by Olivia Martin
TOPEKA — Starting out was a bit awkward.
Sophia Moreau had never met the two women she was visiting before, but she found herself sitting in their living room for an hour just chatting.
They talked about everything from the events of their day to doctor’s appointments and Netflix shows.
And the next week, she visited them again. And the week after that.
Now, she’s been visiting them once a week for three years, rain or shine.
Moreau, a graduate student at the University of Kansas and a parishioner of St. Raphael Church in Naperville, Illinois, volunteers with Catholic Charities of Northeast Kansas’ Friendly Visitors program in Lawrence.
Originally a wellness check program of the Topeka Police Department, Friendly Visitors has provided home visits, assistance reading mail and writing letters, daily medication reminder calls, transportation to medical appointments and more for 45 years.
And the program owes its success over the years to exceptional volunteers like Moreau.
And Beulah Carrington.
No obstacles to giving
“Beulah started volunteering with Friendly Visitors right after she [retired from] the Topeka State Hospital,” said Marilyn Thomas, Friendly Visitors coordinator for Shawnee and Douglas counties. “She doesn’t let anything stand in her way.”
And she means anything.
An African-American woman born with congenital glaucoma, Carrington graduated from the Kansas School for the Blind in 1950 and the University of Kansas in 1954. Her vision continued deteriorating and she is now completely blind with prosthetic eyes.
“I would call Catholic Charities to accompany me and my mom to her doctor’s appointments,” said Carrington, “[And] after I retired, [they] asked me if I needed somebody to call me every day.
“I said no, so [they] asked if I’d help them call!”
That was May 1997.
“I’ve been calling for 22 years,” said Carrington. “I call seven days a week.”
Typically, Carrington wakes up at 6 a.m. on weekdays, 6:30 on weekends and always makes her calls between 7 and 9 a.m.
She calls people who need reminders to take their medication, support as they deal with mental and physical illnesses, or just need to chat.
One of those daily calls goes to Portia Albert, who is homebound and lives in Hoyt. She has been on Carrington’s call list since 2010.
“Beulah is my contact with the outside world,” said Albert. “I don’t have any family. So what I know, I hear from her.”
Albert and Carrington talk about everything from politics to Carrington’s involvement in Lion’s Club to their personal lives.
“She’s contributed a great deal to my life,” said Albert, “not only as a charity and caller, but personally.
“She’s a wonderful woman.”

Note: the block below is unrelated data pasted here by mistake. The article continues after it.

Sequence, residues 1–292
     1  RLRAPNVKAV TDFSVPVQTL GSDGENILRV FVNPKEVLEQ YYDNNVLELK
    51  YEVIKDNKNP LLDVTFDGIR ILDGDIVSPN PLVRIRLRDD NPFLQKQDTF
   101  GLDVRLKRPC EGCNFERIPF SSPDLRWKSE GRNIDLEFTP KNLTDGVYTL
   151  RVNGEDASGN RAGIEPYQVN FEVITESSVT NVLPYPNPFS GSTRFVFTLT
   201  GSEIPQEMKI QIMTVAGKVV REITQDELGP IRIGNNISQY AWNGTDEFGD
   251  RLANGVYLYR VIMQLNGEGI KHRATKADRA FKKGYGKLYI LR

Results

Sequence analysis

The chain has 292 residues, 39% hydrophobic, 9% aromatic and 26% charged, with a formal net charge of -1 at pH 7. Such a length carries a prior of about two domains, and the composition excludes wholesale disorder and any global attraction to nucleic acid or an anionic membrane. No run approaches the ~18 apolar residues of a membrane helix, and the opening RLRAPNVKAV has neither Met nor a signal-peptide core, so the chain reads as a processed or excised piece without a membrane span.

Another call goes to Donna Robinson in Topeka.
“I have a disability and I have to take medication,” said Robinson. “Beulah calls me at ten minutes to eight every morning and checks to make sure I’m doing OK, that I’m taking my meds and that I’m up and about instead of wasting the day away.
“She’s so encouraging, and I just love her.”
For Carrington, friendship is the goal of her volunteer work.
“I don’t just call and say ‘Hello, how are you?’ I ask them if they’re up and out and what they’re doing,” she said. “I just enjoy people; it’s a pleasant interaction.”
Her relationships with some she visits has grown such that, “I sometimes forget that I’m volunteering,” said Moreau. “I feel like I can talk to [these women] about anything in my life.”
Recently, Carrington has felt it is time for a change in her life.
“In September, God willing, I’ll be 87,” said Carrington, “so I thought it would be nice to begin my 87th year with a little more ‘me’ time in the morning!”
So, this August, Carrington retired from Friendly Visitors for some well-deserved “me” time.
“Beulah has been a joy to work with,” said Thomas. “All of her participants have let me know over the years that they love her and appreciate her.”
And she will certainly be missed.
“[Friendly Visitors] is a worthwhile service,” said Carrington. “I will miss the people I talk with.”
For Moreau, her work has just begun.
Her experience volunteering for Friendly Visitors has helped her recognize she wants to work in geriatric social work after grad school.
“People in their 90s often are forgotten about because there are not a lot of people who are willing to put effort in, who are willing to care,” she said. “I’ve learned to do unto others as you would have them do unto you.
“When I’m 90, I want someone to treat me like a human being too.”